Once you’re transferred in, there is some growing and maturing that needs to take place. If you’ve been picked up from the grimy ways of the world and cleansed by the precious blood of Jesus, and then plopped down into the kingdom of Christ, a kingdom of holiness, and love, and purity, and righteousness, you will initially feel out of sorts. You’ll be glad to be there, but now there’s a new way of life to be lived. You need a new kind of knowledge so that you can live into the new, glorious reality that you’ve been so graciously given. This is the way conversion so often works. There is an initial disruption of sorts, when you throw off the heavy yolk of the world and all of its legalisms, when your old life dies with Christ. There’s the initial groan of relief and praise and thanksgiving for new life, but then there’s the need for basic knowledge, a basic vocabulary, so that you can live fully into this new reality. When he writes to the 1 Corinthians, Paul tells them that he is giving them spiritual milk, because they’re not yet mature enough to handle the solid food. That’s the way Christian life begins and that’s the way Christian life is lived. You work your way deeper and deeper into the grace of the gospel. To do this, you need a knowledge that can only come from God, because it’s God’s wisdom and knowledge we’re after, not the wisdom and knowledge of the world. We want to know and to do and to be what our adopting Father would have us know, do, and be.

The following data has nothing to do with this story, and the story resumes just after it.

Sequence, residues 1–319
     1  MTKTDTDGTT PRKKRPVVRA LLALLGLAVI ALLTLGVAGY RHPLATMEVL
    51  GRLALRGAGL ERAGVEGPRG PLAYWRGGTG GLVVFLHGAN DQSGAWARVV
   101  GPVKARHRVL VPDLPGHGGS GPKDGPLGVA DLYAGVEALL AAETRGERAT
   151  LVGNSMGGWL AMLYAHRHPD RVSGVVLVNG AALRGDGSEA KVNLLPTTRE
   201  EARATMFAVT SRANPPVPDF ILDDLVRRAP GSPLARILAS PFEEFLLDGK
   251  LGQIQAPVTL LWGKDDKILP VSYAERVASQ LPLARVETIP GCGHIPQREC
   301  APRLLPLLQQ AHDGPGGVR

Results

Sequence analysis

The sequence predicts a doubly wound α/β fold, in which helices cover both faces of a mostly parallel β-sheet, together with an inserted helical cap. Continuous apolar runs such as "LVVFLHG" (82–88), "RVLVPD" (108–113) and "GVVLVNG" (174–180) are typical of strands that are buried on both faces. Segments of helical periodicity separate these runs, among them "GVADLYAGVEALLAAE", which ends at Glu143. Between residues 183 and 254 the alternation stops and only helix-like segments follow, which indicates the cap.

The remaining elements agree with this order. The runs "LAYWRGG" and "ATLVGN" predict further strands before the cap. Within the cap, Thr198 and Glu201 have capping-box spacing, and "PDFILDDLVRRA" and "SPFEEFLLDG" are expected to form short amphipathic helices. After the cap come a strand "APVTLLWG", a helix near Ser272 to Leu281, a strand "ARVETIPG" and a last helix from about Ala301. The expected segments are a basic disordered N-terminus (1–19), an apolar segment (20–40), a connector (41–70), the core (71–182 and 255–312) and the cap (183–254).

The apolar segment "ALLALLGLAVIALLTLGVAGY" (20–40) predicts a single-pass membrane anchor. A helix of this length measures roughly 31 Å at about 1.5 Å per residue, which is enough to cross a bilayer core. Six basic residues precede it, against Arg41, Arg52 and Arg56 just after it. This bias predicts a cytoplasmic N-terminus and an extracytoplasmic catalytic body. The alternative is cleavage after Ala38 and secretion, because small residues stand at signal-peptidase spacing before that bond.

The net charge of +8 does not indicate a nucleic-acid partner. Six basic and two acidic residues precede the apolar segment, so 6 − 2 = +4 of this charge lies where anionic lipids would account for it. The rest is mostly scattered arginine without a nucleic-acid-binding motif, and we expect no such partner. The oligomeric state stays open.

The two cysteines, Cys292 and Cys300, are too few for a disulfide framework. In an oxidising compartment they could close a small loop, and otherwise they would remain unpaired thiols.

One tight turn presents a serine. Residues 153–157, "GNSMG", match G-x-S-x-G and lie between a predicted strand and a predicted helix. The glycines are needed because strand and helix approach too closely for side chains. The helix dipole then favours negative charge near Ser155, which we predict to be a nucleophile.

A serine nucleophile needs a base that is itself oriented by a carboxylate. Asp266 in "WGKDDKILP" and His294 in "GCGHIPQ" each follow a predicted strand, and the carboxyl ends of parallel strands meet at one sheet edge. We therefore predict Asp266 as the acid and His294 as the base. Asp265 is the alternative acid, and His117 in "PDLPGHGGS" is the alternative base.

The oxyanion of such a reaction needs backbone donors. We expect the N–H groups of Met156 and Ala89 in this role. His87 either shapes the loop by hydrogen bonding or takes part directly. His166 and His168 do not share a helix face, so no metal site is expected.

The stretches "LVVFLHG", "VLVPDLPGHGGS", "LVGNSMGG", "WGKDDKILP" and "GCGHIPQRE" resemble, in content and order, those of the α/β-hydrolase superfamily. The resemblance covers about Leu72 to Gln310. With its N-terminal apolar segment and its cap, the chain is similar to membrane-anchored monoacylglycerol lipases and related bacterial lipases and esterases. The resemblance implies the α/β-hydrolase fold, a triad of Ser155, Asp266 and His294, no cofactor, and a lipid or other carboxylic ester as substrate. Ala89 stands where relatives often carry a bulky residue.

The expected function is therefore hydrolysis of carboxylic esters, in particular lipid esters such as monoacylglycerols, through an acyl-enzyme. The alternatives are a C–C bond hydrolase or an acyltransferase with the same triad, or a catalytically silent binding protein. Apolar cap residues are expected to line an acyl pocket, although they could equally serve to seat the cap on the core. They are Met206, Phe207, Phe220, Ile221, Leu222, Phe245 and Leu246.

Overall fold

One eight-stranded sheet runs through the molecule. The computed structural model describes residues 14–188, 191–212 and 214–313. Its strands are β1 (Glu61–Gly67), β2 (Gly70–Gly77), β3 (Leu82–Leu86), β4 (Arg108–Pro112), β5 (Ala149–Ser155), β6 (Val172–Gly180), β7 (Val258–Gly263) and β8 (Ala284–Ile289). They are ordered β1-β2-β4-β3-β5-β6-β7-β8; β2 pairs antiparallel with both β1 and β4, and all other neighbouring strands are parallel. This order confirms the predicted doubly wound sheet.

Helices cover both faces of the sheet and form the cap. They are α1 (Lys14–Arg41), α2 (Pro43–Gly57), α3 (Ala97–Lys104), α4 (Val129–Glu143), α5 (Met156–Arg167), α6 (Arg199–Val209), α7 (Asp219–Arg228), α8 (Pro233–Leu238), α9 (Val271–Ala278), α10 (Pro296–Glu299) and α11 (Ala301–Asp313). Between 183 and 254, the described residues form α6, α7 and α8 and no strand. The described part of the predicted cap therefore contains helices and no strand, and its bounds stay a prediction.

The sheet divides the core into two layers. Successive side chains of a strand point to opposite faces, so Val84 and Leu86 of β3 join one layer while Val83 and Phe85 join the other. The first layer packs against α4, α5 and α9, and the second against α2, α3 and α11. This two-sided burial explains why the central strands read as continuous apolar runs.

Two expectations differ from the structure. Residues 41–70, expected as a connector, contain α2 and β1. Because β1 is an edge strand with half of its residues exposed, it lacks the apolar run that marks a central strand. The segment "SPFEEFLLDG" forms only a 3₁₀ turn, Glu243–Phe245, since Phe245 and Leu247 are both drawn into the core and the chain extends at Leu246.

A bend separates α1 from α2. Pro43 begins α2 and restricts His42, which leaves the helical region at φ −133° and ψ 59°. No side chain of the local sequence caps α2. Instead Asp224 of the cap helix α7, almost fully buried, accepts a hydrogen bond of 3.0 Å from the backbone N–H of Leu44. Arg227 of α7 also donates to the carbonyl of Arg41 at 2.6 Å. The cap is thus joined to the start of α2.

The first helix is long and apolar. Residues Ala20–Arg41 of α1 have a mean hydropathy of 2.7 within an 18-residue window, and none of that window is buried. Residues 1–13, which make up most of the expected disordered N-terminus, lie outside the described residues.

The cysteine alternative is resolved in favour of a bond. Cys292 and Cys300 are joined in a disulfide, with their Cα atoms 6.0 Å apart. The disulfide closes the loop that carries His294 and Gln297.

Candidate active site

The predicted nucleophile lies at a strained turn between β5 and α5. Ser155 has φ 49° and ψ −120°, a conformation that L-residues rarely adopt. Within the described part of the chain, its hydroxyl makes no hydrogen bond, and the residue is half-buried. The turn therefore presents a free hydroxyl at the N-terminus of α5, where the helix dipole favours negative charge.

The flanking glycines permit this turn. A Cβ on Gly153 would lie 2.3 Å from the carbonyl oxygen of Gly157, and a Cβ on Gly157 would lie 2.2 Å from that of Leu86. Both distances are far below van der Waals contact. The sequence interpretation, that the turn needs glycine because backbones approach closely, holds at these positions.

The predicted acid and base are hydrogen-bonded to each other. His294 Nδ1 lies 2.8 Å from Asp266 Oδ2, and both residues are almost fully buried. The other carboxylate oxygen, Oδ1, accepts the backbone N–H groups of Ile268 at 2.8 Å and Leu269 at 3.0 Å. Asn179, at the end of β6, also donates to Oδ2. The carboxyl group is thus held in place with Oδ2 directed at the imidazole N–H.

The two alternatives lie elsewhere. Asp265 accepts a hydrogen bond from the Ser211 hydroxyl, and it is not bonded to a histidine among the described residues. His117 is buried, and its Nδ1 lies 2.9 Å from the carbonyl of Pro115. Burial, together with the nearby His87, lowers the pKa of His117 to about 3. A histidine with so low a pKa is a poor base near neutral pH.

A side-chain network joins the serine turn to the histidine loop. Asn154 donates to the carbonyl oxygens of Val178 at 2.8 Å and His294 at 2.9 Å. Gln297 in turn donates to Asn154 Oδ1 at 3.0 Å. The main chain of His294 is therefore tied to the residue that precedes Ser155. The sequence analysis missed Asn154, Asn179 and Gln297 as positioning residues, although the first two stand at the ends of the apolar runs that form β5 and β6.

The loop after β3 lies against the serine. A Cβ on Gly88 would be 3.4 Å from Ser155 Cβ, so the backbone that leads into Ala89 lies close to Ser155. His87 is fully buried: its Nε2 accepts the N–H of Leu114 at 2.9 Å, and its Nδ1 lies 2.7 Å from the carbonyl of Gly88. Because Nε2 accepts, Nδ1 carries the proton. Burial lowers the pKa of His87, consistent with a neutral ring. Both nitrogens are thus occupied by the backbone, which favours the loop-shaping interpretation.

The rest of this passage is a description of Paul’s prayer that does just that for the new believers in Colossae. And it’s especially important to them because they are already under assault by something other than gospel knowledge.

Here’s what Paul, Timothy, and the others with Paul prayed:
[9] And so, from the day we heard, we have not ceased to pray for you, asking that you may be filled with the knowledge of his will in all spiritual wisdom and understanding,
Here’s Paul’s prayer for the Colossians that they would receive spiritual wisdom and understanding, and be filled with knowledge, but not just knowledge, the knowledge of God’s will.
 [10] so as to walk in a manner worthy of the Lord, fully pleasing to him,
This is the intercession Paul’s makes so that the Colossians would know what to do, which is to walk in a manner worthy of the Lord.  And then finally, Paul’s prays that for the Colossians to walk this way
bearing fruit in every good work and increasing in the knowledge of God.
This is who they are called by God to be in Christ, a fruit-bearing people in whatever it is they are called to do. It matters not what your vocation happens to be, if you are in Christ, the result will be spiritual fruit. What are those? We talked about them repeatedly during our series in Galatians, and Paul writes of them in other places to.  Galatians 5:22 (mark these down):
[22] But the fruit of the Spirit is love, joy, peace, patience, kindness, goodness, faithfulness, [23] gentleness, self-control; against such things there is no law.